18. Saveur, March 2007 First: James Oseland recalls learning to cook—very informally—in family kitchens in Indonesia. But converting that to printable recipes is a challenge. Fare: Quenched, Indian Style: Mumbai’s drink vendors add spice and more. By Litty Mathew Recipe: Jal Jeera (cumin-laced tamarind and mint cooler) Cold Comfort: Chef Kirsten Dixon brings more than mere sustenance to the mushers of Alaska’s Iditarod. By Jenna Schnuer Fiery Fruit: The tiny sansho pepper, cousin of Sichuan pepper, gives Japanese cuisine a kick. By Shane Mitchell Agenda: Festival Internacional de La Vendimia celebrates grapes in Ica, Peru, Mar 5-17; drink strong beer at Starkbierzeit at Paulaner am Nockherberg in Munich Mar 8-25; Milk River Wagon Train Nut and Gut Feed cooks pioneer-style in Malta, Mont., March 10; Ranelagh, Tasmania, offers A Taste of the Huon March 11-12; March 12 is the anniversary of the first patent granted for starch processing, 1841; Charles Sutherland Elton, developer of the idea of the food chain in 1927’s Animal Ecology, born March 29, 1900; Newport Pig Cookin’ Contest in Newport, N.C., Mar 30-31; Public Bake Day in Fort Gibson, Okla., on March 31, uses the fort’s giant public oven. Book Review: Todd Coleman reviews A Tale of 12 Kitchens: Family Cooking in Four Countries, by Jake Tilson, a graphic reminiscence of kitchens in Tuscany, New York, Los Angeles and Scotland. Coleman finds it “breezy, smart and surprisingly unpretentious.” Recipe: Beet and Sumac Salad In the Beginning: Saveur’s 100th issue prompts a look back at its first. The Saveur List: 12 honeys, from Italian chestnut to Hawaiian kiawe. By Sierra Burnett Kitchenwise: Hizzoner’s Retreat: A look a former New York City mayor Ed Koch’s humble apartment space, complete with a snapshot of his fridge’s contents. By Georgia Freedman Cellar: Uncommon Grace: Volnay is a smooth, sensual red burgundy. By Michael Steinberger Tasting Notes: Eleven volnays from 2003 and 2004, from Domaine Bouchard Pere et Fils Clos de Chenes 2004 ($65; “muscular…with spicy cherry fruit across the palate and pronounced oak”) to Domaine Leroy Santenots-du-Milieu 2003 ($570; “blackberry-infused bouquet…pronounced tannins, and fairly spicy in the mouth. Finishes quite sweet.”). Memories: Tasting Freedom Ma Thanegi reminisces about time spent in a Myanmar prison, and the imaginary meals enjoyed there. Recipe: Pei Daunt Shay Thoke (Myanmar-style long bean salad) Source: Miracle Cure: Thick-cut bacon from Benton’s Smoky Mountain Country Hams. By Todd Coleman Classic: Roman Art Spaghetti alla carbonara pleases even the most finicky palates. By Mei Chin Recipe: Spaghetti alla Carbonara Mighty Shrimp A celebration of America’s favorite seafood. By Andre Baranowski, Penny de los Santos and James Oseland Part One: Why we love shrimp. By Wayne Curtis Part Two: A day on the water. By Wayne Curtis Part Three: How to cook shrimp. By James Peterson Recipes: Shrimp Scampi with Linguine Barbecued Shrimp Shrimp Boil Stir-Fried Shrimp with Snow Peas Shrimp Cocktail Maine Shrimp Chowder Sidebar: Know Your American Shrimp: photos and descriptions of seven major varieties. By Jennifer Salerno Sidebar: North Atlantic Treasure: the delicate northern pink (Maine) shrimp is best served nearly raw. By Jon Levitt Sidebar: How to Buy Shrimp: fresh vs. frozen, which size, what’s fresh. By James Peterson Ancient Hunger The vibrant cuisine of northern Peru—with its blend of chiles, corn, yuca, potatoes and seafood—is rooted in both the Old World and the New. By Maricel E. Presilla Recipes: Yuca Hervida Sudado de Pescado (Huanchaco-style fish stewed in tomatoes and chiles) Cebiche de Mero al Estilo de Hunchaco (grouper ceviche) Salsa de Aji Escabeche y Paico (Andean yellow chile and epazote salsa) Pepian de Garbanzos (chickpea porridge with chile oil) The Guide: where to stay and eat in Peru The Glory of Red Cooking This traditional Chinese cooking method yields melt-in-your-mouth results. By Grace Young Recipes: Hong Shao Yu (red-cooked fish) Si Xi Kaufu (four happiness wheat gluten) Hong Shao Rou (red-cooked pork belly) Hong Shao Ji (red-cooked chicken) Sweet Life A gifted baker with the soul of a poet brings the refined art of the French pastry to upstate New York. By Darra Goldstein Recipes: Gateau Saint-Honoré Lemon Meringue Tart Chocolate Babka In the Saveur Kitchen: Get to the bottom of it all by rediscovering the technique of stirring, says Todd Coleman; the history of cocktail sauce, by Todd Coleman; a brief interview with Chinese food consultant Eddie Schoenfeld; how to devein a shrimp without removing the shell; how to deal with yuca, by Maricel E. Presilla; all about pork belly, by Brigit Binns; wheat gluten, the “Chinese chameleon,” by Grace Young Recipes: Ed Koch’s Broiled Swordfish with Olives Moment: An overly enthusiastic toddler enjoys her birthday cake. (Ew.)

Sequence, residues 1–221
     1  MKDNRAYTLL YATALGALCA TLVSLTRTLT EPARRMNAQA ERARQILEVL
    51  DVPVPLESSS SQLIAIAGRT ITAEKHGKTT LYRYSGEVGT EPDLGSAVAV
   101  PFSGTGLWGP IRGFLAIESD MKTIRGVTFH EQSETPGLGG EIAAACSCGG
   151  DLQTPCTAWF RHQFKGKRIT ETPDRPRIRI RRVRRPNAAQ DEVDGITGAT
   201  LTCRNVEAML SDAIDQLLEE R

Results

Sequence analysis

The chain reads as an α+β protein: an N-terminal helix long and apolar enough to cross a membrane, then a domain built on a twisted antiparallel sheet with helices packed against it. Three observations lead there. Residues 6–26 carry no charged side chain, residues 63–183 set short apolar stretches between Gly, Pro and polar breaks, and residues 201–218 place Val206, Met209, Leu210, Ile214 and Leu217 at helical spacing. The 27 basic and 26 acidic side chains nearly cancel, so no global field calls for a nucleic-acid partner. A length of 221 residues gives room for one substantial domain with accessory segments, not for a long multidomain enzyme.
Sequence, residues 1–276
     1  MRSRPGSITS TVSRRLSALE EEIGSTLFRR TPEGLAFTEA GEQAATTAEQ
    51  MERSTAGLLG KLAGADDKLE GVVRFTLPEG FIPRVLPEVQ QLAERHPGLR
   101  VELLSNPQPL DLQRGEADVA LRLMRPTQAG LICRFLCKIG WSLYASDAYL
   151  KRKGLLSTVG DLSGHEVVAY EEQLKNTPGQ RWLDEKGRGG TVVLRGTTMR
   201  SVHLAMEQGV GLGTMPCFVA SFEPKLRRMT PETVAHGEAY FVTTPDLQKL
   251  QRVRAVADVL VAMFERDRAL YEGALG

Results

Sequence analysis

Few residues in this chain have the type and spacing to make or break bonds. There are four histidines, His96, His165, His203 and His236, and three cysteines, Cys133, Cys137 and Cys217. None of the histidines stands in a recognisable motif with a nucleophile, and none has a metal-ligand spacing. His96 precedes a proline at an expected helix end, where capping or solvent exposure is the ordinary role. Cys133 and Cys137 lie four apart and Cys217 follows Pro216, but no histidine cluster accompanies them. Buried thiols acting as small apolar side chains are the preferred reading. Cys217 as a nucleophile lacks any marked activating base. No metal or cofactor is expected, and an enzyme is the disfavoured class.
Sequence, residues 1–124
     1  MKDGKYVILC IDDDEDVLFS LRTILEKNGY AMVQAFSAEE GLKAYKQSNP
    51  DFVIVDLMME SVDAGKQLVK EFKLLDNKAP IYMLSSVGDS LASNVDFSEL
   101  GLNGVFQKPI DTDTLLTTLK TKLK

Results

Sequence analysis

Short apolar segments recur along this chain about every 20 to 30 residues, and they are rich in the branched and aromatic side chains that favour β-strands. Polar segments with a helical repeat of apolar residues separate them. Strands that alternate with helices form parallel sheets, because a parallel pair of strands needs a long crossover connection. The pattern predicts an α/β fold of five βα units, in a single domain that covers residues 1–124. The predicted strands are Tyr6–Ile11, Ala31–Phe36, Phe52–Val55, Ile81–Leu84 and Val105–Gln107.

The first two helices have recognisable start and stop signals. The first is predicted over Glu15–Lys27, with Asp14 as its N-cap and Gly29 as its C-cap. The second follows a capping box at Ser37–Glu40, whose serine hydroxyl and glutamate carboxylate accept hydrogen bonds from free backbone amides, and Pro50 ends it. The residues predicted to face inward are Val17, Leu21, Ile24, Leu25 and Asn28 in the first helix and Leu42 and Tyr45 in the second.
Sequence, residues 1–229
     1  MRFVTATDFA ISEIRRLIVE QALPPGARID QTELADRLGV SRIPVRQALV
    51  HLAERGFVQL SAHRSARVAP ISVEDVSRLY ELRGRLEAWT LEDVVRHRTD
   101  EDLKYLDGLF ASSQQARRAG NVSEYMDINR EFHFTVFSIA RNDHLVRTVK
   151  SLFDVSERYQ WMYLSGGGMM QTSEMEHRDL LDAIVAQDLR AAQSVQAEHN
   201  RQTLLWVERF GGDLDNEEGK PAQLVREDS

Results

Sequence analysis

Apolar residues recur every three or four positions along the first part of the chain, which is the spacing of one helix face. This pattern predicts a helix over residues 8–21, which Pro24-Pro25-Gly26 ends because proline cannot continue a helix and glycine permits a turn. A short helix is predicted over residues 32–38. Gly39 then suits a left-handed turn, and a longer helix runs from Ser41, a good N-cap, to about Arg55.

19. Saveur, January 2006 First: Producing the Saveur 100 is haaaard work! Fare: The Drink Artist: A purist amateur bartender in Brooklyn is a master of the artisanal cocktail. By John Lansdowne Recipe: Orange Bitters Miracle Leaf: The essence of pandan is at the heart of countless Southeast Asian dishes. By Pat Tanumihardja Recipe: Kacang Ijo (spiced mung bean dessert porridge) Hale and Hearty: Galaxy gazing is better after a good meal, reports Joseph Carson from San Diego’s Palomar Observatory. Agenda: Second annual Florida Keys Seafood Festival, Jan. 13; patent for neon lighting obtained, Jan. 19, 1915; Oregon Truffle Festival, Willamette Valley, Ore., Jan. 26–28; Ka Moloka’i Makahiki Festival on Molokai, Hawai’i, Jan. 27; Carnaval in Vilanova i la Geltrú, Spain, on Feb. 18 involves lots of cava and candy; Spring Festival in Port Louis, Mauritius, Feb. 18; Feria Regional del Café y del Guayaba in Canelas, Mexico, Feb. 18–26 Book Review: Bryan Miller reviews the new edition of the Culinary Institute of America’s The Professional Chef, and praises the expanded “world cuisines” section and the photo-illustrated sections on technique. Technique: Fluting (typically used on mushrooms) Drink: Sea Change: Bordeaux’s Entre-deux-Mers is shaping up to be the little wine region that could. By Roger Morris Tasting Notes: Three reds from Entre-deux-Mers: Chateau Balestard 2003 ($35; “rounded fruit”), Chateau Le Grand Verdus 2003 ($25; “solid wine with cherry flavors…food-friendly finish”) and Girolate 2001 ($100; “sweet blackberry and lightly minted chocolate”) Kitchenwise: Cookbook authors Naomi Duguid and Jeffrey Alford gave up a dining room in favor of a large, casual kitchen—but they kept the standard-issue four-burner range-top, as it keeps their recipe-testing down-to-earth. Memories: A Fine Virginian A beloved great-aunt’s cooking wisdom could fill a book. By Lucretia Bingham Recipe: Aunt Fan’s Devil’s Food Cake Source: Rising Star: King Arthur’s sticky buns are gooey perfection. By Kathleen Brennan Classic: Spanish Comfort Galicia’s hearty caldo gallego warms both body and soul. By Sofia Perez Recipe: Caldo Gallego (Galician meat and vegetable soup) The Saveur 100 The annual roundup of the staff’s favorite foods, restaurants, drink, people, places and things, with a special tip of the cap to maitre d’s and do-gooders. A random sampling: Zankou Chicken in LA, canned peas (?!), Engin Akin of Turkey, Patel Bros., oyster loaf at Casamento’s in New Orleans, Philippine food, white foods (again, ?!), Mexico City cuisine, Lost Abbey beer, vermouth as cooking wine, carbon-steel knives, Edna Lewis, food-shaped band-aids, runny cheeses and purple-sweet-potato vinegars Recipes: Betty’s Spaghetti (from Thomas Keller) Shashlyk (spicy grilled pork kebabs) Wafuu Curry (Japanese-style chicken curry) Grissini (crunchy Piedmontese breadsticks) Mousse au Chocolat (chocolate mousse) Sauerbraten mit Kartoffel Klosse (pot roast with potato dumplings) Fitty-Fitty (half-gin, half-vermouth cocktail) Venison with Seared Foie Gras Nassau Grits Texas-Style Pecan Pralines Poached Sole with Vermouth Baked Feta with Roasted Red Peppers and Lemon-Oregano Broth (from Water Works restaurant in Philadelphia) Edna Lewis’s Coffee Armenian Tahini Bread Bakwan (crisp celery green fritters) Yogurt Panna cotta with Pineapple Sorbet and Cilantro Gelée (from ChickaLicious) Denver Sandwich Pav Bhaji (spicy mashed vegetable curry with rolls) In the Saveur Kitchen: Mormon generosity creates some memorable food, by Lucy Hayes; the recipe for James Oseland’s Taiwanese friend’s green beans, mentioned in the November 2006 issue; how to peel garlic cloves in bulk, by Kate Fox; Spanish vs. Mexican chorizo, by Liz Pearson; how to do the butcher’s slipknot, by Todd Coleman; Maxine Kaplan supplies all the props for the photo shoots Recipes: Utah’s Famous Green Jell-O Salad Stir-fried Green Beans a la Tang Moment: An English pub patron shows off the Last Supper tattoo on his beer belly.